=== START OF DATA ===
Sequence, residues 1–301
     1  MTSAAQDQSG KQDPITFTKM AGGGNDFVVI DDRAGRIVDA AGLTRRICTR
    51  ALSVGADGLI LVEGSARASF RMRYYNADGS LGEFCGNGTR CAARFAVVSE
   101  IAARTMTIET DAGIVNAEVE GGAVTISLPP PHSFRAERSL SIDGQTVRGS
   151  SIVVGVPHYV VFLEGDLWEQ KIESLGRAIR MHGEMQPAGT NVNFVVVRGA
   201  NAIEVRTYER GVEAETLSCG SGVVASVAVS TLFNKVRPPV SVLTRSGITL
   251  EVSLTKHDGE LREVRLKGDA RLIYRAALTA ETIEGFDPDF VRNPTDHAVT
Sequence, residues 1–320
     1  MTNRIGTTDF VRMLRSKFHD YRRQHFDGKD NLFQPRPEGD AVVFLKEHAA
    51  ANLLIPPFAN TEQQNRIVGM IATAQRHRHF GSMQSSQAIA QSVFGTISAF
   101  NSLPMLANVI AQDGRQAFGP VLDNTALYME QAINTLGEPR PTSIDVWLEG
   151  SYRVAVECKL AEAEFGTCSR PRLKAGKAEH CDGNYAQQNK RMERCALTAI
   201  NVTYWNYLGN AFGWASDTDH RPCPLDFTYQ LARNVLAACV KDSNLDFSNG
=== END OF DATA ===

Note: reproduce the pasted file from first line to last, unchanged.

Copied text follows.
Sequence, residues 1–301
     1  MTSAAQDQSG KQDPITFTKM AGGGNDFVVI DDRAGRIVDA AGLTRRICTR
    51  ALSVGADGLI LVEGSARASF RMRYYNADGS LGEFCGNGTR CAARFAVVSE
   101  IAARTMTIET DAGIVNAEVE GGAVTISLPP PHSFRAERSL SIDGQTVRGS
   151  SIVVGVPHYV VFLEGDLWEQ KIESLGRAIR MHGEMQPAGT NVNFVVVRGA
   201  NAIEVRTYER GVEAETLSCG SGVVASVAVS TLFNKVRPPV SVLTRSGITL
   251  EVSLTKHDGE LREVRLKGDA RLIYRAALTA ETIEGFDPDF VRNPTDHAVT
Sequence, residues 1–320
     1  MTNRIGTTDF VRMLRSKFHD YRRQHFDGKD NLFQPRPEGD AVVFLKEHAA
    51  ANLLIPPFAN TEQQNRIVGM IATAQRHRHF GSMQSSQAIA QSVFGTISAF
   101  NSLPMLANVI AQDGRQAFGP VLDNTALYME QAINTLGEPR PTSIDVWLEG
   151  SYRVAVECKL AEAEFGTCSR PRLKAGKAEH CDGNYAQQNK RMERCALTAI
   201  NVTYWNYLGN AFGWASDTDH RPCPLDFTYQ LARNVLAACV KDSNLDFSNG